– Exodus 34:39 Moses’ face glowed brightly after talking to God
– Daniel 7:9 Prophecy about the Ancient of Days, dressed as white as snow
– Psalm 104:2 Poetic description of God wrapping himself with light

Not only did the disciples see a light but also a cloud covering them. Later they may have recalled how God showed his presence through a cloud in Old Testament stories like in Exodus and 1 Kings.

The cloud
– Exodus 19:9 God’s presence on Mount Sinai
– 1 Kings 8:10 God’s presence filling Solomon’s temple

On top of that, the disciples heard a voice coming from the cloud: “This is my Son, whom I love. Listen to him!”

The voice
– Mark 1:11 Jesus’ baptism (“You are my Son”)
– Psalm 2:7 Prophecy of Messiah and future king (“You are my son”)
– Deuteronomy 18:15 A future prophet (“You must listen to him”)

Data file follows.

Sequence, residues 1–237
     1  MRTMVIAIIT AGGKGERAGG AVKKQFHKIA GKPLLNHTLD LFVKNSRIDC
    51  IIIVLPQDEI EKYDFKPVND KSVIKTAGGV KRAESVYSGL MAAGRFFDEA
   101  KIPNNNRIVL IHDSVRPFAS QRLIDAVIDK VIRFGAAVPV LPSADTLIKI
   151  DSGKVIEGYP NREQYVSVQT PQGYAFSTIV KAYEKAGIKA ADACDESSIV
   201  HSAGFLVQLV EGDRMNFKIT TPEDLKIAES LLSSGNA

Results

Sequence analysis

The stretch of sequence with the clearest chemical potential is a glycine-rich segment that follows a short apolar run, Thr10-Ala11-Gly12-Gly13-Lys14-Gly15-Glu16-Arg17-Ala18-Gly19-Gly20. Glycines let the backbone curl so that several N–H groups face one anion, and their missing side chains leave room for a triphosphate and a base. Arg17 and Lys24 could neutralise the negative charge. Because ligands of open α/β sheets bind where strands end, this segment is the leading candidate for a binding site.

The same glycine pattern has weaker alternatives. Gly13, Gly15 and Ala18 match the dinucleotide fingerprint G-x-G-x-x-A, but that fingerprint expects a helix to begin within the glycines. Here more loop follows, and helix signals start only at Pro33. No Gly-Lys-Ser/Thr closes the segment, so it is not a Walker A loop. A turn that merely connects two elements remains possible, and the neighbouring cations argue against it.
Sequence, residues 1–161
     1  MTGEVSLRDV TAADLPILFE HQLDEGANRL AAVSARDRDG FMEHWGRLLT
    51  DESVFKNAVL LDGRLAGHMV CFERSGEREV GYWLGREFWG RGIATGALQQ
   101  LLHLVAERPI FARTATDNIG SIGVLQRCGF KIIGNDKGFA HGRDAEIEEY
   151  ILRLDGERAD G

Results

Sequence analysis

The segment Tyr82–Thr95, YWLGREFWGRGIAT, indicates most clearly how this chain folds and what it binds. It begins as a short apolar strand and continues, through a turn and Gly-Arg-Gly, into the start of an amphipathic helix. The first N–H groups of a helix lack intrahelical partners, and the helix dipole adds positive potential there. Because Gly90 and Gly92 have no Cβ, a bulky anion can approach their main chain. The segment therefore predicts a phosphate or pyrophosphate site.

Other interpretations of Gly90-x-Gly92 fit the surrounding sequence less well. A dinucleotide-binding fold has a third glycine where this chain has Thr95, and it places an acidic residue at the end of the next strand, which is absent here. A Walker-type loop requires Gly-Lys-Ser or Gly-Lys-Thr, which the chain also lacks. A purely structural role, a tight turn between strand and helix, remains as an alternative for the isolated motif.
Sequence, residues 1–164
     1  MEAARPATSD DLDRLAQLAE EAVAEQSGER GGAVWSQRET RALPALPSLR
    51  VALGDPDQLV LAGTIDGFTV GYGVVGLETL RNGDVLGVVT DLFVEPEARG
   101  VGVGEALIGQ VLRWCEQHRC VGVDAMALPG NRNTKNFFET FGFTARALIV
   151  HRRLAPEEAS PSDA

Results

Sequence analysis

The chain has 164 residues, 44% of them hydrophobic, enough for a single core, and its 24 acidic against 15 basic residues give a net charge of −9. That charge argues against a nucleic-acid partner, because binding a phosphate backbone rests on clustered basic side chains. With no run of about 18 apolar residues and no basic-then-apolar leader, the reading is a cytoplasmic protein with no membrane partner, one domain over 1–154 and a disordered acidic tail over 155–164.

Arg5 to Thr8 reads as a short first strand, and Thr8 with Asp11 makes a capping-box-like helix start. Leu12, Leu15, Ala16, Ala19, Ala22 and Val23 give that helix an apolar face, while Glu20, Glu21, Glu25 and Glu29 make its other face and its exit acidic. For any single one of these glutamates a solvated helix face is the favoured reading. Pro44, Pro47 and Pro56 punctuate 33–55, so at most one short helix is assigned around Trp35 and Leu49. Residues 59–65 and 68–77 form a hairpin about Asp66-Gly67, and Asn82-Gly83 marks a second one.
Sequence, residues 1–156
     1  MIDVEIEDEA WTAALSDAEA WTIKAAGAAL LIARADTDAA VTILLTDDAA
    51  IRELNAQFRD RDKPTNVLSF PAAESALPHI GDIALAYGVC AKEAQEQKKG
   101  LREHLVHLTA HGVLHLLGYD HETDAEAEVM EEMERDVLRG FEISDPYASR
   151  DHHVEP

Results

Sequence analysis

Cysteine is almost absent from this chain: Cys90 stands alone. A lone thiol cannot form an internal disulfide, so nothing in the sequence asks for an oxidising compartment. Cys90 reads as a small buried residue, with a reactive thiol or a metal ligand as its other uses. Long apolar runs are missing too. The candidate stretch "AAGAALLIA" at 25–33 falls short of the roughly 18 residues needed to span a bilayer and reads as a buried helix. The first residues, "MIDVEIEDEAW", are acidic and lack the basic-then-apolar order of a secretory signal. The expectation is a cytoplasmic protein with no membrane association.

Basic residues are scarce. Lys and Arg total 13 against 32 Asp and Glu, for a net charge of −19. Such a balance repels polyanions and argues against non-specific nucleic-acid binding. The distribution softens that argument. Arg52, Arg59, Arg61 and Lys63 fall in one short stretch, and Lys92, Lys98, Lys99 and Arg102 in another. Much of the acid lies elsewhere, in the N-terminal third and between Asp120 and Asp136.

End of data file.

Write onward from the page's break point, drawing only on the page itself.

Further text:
“This is my Son” echoes the beginning of Mark’s Gospel, where at Jesus’ baptism there was a voice from heaven saying, “You are my Son, whom I love.” The phrasing is also similar to Psalm 2, a song that many people considered to be a prophecy of the Messiah, the promised king of Israel.

The voice also said, “Listen to him!” In Deuteronomy 18, Moses once promised a future prophet: “The Lord your God will raise up for you a prophet like me from among you, from your fellow Israelites. You must listen to him” (Deut 18:15).

What do these signs mean?

All these signs—the light, the cloud, the voice—later impressed on the disciples that Jesus was indeed the divine Son of God.

Many years later, Peter wrote about the Transfiguration in one of his letters. In 2 Peter 1:16-18, he writes, “For we did not follow cleverly devised stories when we told you about the coming of our Lord Jesus Christ in power, but we were eyewitnesses of his majesty. He received honor and glory from God the Father when the voice came to him from the Majestic Glory, saying, ‘This is my Son, whom I love; with him I am well pleased.’ We ourselves heard this voice that came from heaven when we were with him on the sacred mountain.” Peter was recalling that day on the mountain.